Saturday, 28 April 2012

Rupert Murdoch at Leveson

Here is my take on Rupert Murdoch at the Leveson Inquiry which appeared on the Exaro News website yesterday at

Murdoch at the Leveson Inquiry

RUPERT Murdoch doesn’t do “subtle” he told us at Wednesday’s hearing of the Leveson Inquiry.
That’s probably the only untruth I could spot during his marathon sitting.
He might talk tough. But his methods are subtle.
Gently, layer upon layer, pause by pause, he let us know precisely who was chasing who in the Prime Minister/newspaper proprietor courting ritual.
“I may have been to dinner with him”, “I can’t remember meeting him”, “He may have come to my yacht but I can’t recall. My wife says he did apparently.”
These weren’t the words of a forgetful octogenarian. Nor were they the words of a slick PR machine. You can’t teach that sort of sophisticated approach.
Murdoch is no Maxwell, who had photographs of meetings with every leader forced on the front page of the Daily Mirror.
And if he was still alive this week, he would have been boasting about them from his Leveson pulpit.
But with the casual nonchalance of the well-connected media mogul, he reversed the News International ship that was sailing in a completely different direction on Tuesday.
On that momentous day, News International was firmly positioned as the one who courted the government.
His son James had done that through his incendiary revelations that News International had been using a backdoor channel to the government to push the BSkyB bid through.
Just 24-hours later, Rupert was telling us: “Not so. I was the powerful media mogul who was being courted by the country’s most powerful men.”
Except of course, he didn’t say that at all. But we got the message. And more importantly, we believed it.
When Rupert Murdoch says, “I’ve never asked a Prime Minister for anything”, you can bet he’s right.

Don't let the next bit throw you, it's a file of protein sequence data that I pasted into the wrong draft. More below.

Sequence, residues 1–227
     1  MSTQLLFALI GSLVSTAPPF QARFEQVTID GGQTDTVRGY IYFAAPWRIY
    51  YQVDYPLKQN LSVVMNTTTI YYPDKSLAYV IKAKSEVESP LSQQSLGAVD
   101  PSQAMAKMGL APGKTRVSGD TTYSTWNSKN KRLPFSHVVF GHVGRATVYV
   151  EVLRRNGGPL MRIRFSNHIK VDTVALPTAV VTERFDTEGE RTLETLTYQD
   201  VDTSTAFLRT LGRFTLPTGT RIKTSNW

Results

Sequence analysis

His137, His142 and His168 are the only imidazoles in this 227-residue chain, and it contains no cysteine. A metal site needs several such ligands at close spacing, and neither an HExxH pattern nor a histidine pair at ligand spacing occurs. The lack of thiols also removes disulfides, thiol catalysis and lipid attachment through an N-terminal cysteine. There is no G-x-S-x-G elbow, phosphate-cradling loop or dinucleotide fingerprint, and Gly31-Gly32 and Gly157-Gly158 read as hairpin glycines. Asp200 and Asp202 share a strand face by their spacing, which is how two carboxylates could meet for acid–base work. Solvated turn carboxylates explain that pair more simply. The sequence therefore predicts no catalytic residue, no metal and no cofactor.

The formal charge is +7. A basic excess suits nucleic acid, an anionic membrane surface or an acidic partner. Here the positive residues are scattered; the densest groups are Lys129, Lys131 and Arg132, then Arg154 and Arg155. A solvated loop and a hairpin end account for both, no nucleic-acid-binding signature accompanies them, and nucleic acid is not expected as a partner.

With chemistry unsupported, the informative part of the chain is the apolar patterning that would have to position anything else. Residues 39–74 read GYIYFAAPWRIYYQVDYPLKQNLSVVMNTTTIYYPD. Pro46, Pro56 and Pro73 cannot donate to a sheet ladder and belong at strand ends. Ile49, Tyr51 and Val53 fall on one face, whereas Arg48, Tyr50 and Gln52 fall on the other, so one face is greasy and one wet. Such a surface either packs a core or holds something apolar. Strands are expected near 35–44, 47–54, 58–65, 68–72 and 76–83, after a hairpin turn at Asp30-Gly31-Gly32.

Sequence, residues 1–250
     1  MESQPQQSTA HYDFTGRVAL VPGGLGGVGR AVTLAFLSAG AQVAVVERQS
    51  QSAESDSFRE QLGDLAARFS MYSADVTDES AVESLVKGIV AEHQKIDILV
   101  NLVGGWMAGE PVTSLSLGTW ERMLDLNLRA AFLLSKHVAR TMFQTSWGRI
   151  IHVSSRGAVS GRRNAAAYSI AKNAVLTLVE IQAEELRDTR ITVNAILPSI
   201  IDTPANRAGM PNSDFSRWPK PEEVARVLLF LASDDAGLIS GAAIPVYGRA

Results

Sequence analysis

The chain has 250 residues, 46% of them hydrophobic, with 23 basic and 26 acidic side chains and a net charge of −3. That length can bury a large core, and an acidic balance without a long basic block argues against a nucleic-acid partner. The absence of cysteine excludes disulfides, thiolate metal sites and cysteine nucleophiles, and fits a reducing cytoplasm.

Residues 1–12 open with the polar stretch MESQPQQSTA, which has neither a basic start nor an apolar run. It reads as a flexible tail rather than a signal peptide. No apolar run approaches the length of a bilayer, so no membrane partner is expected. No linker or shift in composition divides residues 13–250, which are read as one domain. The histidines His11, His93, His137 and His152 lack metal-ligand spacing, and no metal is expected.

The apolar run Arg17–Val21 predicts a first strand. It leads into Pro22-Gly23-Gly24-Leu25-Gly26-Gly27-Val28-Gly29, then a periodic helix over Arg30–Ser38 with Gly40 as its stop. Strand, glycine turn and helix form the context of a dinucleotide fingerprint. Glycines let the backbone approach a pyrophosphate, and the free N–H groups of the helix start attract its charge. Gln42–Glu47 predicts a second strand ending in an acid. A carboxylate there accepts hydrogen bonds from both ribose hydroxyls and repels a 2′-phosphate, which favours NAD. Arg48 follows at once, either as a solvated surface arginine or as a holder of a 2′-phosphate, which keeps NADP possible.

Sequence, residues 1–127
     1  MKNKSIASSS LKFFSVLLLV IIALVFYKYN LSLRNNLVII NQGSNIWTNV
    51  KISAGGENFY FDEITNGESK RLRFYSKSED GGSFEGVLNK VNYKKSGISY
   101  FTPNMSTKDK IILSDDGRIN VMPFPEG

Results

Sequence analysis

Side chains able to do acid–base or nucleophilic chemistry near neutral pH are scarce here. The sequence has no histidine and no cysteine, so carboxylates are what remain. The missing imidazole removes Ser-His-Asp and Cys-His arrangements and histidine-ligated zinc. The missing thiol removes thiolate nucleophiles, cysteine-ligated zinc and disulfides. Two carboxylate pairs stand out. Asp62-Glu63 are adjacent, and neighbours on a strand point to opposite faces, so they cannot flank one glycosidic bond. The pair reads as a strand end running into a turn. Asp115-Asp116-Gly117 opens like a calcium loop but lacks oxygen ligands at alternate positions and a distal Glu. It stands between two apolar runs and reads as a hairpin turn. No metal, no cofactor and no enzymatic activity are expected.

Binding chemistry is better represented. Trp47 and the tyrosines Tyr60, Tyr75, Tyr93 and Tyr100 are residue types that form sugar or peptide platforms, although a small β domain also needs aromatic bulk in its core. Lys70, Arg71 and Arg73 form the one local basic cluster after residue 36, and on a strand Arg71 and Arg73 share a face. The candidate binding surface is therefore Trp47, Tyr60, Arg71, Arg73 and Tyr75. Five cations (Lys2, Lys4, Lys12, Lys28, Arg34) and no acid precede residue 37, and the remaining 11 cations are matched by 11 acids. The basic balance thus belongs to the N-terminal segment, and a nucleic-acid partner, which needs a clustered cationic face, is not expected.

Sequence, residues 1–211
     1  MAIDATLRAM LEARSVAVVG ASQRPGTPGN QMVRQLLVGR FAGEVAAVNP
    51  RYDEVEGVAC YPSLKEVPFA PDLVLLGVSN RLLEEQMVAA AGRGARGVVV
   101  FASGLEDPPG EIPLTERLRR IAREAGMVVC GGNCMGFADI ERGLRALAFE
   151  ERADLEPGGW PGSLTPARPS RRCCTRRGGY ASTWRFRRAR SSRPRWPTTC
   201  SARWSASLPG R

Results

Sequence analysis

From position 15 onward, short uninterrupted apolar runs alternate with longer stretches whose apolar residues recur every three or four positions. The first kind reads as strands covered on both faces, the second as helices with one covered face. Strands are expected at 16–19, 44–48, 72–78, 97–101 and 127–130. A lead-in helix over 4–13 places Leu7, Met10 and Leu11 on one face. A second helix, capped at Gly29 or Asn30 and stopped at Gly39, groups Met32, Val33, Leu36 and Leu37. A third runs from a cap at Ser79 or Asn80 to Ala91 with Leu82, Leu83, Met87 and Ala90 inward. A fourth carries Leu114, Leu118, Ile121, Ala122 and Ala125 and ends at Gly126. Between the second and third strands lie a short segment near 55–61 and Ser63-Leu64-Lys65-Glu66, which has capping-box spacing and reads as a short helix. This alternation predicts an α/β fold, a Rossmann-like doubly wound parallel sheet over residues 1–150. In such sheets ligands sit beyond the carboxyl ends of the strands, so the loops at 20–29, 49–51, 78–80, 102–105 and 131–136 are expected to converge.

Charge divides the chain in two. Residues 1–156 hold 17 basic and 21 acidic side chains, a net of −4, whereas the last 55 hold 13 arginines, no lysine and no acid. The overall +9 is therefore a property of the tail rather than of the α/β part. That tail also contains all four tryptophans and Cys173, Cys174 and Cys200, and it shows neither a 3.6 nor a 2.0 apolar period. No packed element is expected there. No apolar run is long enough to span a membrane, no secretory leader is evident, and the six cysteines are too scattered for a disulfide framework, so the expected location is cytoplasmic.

But what he won’t tell you is, he didn’t need to. They knew already what his goals and ambitions were - his dislike of over-regulation, trade unions and the single currency and all his other hobby-horses from better army equipment for soldiers to personal ambitions for his companies.
And to get his crucial endorsement come election time, every party leader had to try to meet those demands without compromising their manifesto or their standing in the party. Or at least avoid treading on his ambitions.
It’s what Robert Jay QC meant by suggesting Murdoch and party leaders would engage in an elaborate “pirouette” together.
I expect this to happen. It’s happened since the days of Beaverbrook and before.
Charities do it, pressure groups do it. And we accept this as part of the lobbying process of interest groups.
So why, when it comes to corporations with big bank accounts, should this suddenly become wrong?
It’s only wrong when governments compromise themselves and reward business leaders with favours. That’s when the corruption starts.
And it is up to governments and its ministers to exercise the brake.
Rupert Murdoch’s approach to politics is identical to his approach to managing his newspapers.
He doesn’t ring up his editors and micro-manage operations – again, as Maxwell used to do.
He’s what’s termed a ‘charismatic leader’.
At the Leveson Inquiry, this was taken to mean a leader who had a kind of film star ‘aura’ about them.
It in fact means a leader who has such a dominant stamp on his business, his generals are in no doubt about what he wants – even when he is absent. Which of course Rupert was most of the time.
In all of Rupert Murdoch’s publications, when editors were making tough calls on which stories/investigations/campaigns to run, their thoughts always turn to the question: “What would Rupert expect?”
And the answer was always clear to them – set the agenda alight, get the paper talked about, give your readers what they want. Don’t screw up.”
Whether you are a prime minister or an editor, you know what Rupert wants. And if you want power or to keep your job, you make sure he gets it.
Sensing their political influence has vanished over the past nine months, both the Murdochs used the Leveson Inquiry to burn the rest of their political bridges.
Given that Rupert’s main love for his newspapers was the political power they wielded  and his son’s disdain for them, I believe this marks the beginning of the end of the Murdoch association with News International.

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